It’s that time of year again. The turkey leftovers have quickly disappeared and the break room at work is looking awfully bare without its mountain of Christmas cookies. With the holiday treats and desserts, it’d seem as if you were preparing for hibernation. But as you look down at the numbers on the scale and observe the extra pounds you gained these past couple of months, it seems like the perfect time to join that health fitness club. As New Year’s approaches, you may decide to make it a resolution to lose weight in the next year. So how do you make your resolution a reality? By staying clear of the follow fitness myths.
Myth One: Muscle turns into fat
What was once a six-pack of lean muscle may have turned into a six-pack of a beer gut as the holidays hit and the beach and bikini season seemed more distant. So what happened to that muscle once exercise ceased and the smell of gingerbread cookies hot off the oven arrived?
University of Rhode Island kinesiology professor Matthew Delmonico said people often think that muscle turned into fat, one of the bigger myths persisting in the fitness industry.
“They are two different tissues. When you lose muscle, it has an impact on metabolism and you don’t have the ability to use up all of the calories you’re eating so it’s easier to gain fat. When you’re not exercising as much you’re going to lose muscle. It’s a cycle that occurs,” Delmonico said.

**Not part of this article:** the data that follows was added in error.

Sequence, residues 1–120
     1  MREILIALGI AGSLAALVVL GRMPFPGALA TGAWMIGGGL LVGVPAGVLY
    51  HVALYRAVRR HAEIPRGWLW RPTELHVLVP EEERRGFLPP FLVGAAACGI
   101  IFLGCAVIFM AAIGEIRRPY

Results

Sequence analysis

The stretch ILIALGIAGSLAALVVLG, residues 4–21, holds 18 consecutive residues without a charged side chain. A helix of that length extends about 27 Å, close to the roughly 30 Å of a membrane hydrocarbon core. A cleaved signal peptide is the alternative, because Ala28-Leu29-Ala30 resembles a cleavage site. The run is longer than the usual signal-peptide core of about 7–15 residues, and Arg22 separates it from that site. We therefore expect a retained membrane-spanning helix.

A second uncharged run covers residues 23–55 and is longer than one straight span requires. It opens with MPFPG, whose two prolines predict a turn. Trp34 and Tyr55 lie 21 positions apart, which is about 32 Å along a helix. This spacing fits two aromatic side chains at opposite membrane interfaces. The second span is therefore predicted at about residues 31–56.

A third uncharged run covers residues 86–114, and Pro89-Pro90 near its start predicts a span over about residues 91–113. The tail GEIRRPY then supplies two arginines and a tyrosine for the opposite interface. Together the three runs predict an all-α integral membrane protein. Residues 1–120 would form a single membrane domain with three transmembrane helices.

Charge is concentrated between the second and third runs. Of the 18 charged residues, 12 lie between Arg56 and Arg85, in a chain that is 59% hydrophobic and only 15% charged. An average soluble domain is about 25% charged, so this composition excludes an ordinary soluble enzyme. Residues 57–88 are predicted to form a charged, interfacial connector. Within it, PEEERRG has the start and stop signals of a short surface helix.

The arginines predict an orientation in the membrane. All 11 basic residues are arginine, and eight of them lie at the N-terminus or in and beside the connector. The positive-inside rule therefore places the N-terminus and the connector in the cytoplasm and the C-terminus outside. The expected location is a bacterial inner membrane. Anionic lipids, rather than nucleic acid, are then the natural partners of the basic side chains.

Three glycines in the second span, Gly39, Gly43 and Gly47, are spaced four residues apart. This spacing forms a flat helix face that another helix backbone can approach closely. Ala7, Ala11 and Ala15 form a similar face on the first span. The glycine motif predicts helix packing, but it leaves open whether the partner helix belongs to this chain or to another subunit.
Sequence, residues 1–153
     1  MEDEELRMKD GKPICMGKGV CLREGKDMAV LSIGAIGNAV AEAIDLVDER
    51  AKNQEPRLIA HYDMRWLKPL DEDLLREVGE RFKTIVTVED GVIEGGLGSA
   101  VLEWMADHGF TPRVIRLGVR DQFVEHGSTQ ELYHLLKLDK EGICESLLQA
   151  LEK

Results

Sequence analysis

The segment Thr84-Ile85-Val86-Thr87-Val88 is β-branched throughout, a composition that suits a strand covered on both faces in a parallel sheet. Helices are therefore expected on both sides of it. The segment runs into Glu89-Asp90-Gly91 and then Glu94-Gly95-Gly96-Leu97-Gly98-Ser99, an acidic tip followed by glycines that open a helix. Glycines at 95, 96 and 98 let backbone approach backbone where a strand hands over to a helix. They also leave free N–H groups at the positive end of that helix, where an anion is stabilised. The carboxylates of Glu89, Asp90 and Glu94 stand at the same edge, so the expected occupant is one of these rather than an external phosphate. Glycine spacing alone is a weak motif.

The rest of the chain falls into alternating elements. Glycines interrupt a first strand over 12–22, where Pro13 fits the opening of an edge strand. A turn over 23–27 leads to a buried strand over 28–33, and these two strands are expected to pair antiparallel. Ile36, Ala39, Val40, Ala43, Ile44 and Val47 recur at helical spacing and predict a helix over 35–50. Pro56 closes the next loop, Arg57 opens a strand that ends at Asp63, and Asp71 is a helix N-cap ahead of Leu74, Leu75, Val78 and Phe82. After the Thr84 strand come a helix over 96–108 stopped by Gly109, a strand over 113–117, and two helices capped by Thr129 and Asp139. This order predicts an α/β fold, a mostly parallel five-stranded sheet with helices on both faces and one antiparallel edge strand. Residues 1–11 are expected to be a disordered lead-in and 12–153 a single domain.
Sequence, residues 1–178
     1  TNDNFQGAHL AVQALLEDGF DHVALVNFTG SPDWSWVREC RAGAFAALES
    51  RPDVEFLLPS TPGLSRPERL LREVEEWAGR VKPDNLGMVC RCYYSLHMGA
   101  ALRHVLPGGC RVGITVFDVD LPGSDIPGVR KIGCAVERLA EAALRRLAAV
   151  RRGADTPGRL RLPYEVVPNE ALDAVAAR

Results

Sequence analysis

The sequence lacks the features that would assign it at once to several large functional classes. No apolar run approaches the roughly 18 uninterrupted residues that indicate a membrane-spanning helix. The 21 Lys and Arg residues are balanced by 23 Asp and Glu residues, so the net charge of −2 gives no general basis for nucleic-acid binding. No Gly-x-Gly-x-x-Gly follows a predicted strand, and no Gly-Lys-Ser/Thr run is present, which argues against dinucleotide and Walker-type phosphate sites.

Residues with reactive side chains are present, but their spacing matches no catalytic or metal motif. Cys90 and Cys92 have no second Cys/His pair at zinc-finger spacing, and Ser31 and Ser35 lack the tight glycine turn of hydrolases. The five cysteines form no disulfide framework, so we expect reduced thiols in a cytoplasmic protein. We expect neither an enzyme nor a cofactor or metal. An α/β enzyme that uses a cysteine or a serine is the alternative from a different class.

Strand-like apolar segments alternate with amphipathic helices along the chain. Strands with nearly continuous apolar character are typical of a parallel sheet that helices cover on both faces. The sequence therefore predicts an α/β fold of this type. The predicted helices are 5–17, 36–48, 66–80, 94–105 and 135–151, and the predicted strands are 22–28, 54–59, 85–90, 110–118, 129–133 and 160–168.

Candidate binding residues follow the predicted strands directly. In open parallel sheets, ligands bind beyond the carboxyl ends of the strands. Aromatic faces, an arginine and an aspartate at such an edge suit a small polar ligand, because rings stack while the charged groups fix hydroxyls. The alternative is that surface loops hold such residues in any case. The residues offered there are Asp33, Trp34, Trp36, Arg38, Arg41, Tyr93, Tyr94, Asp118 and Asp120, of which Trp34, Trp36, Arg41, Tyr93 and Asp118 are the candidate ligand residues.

So as people switch from the gym to the couch, they make think their muscle turned to fat, but in reality, the muscles shrank, leaving more room for fat tissue.
Personal trainer for the South County Adventure Boot Camp for Women Ryan Bate also said muscle does not turn into fat.
“If you stop exercising and you’re nutrition is bad, you’re going to put on body fat. It’ll mask the muscle, but the muscle will still be there,” Bate said.
Bate explained that since the muscle is still there, when a person starts exercising again they quickly become fit again, because of the muscle memory.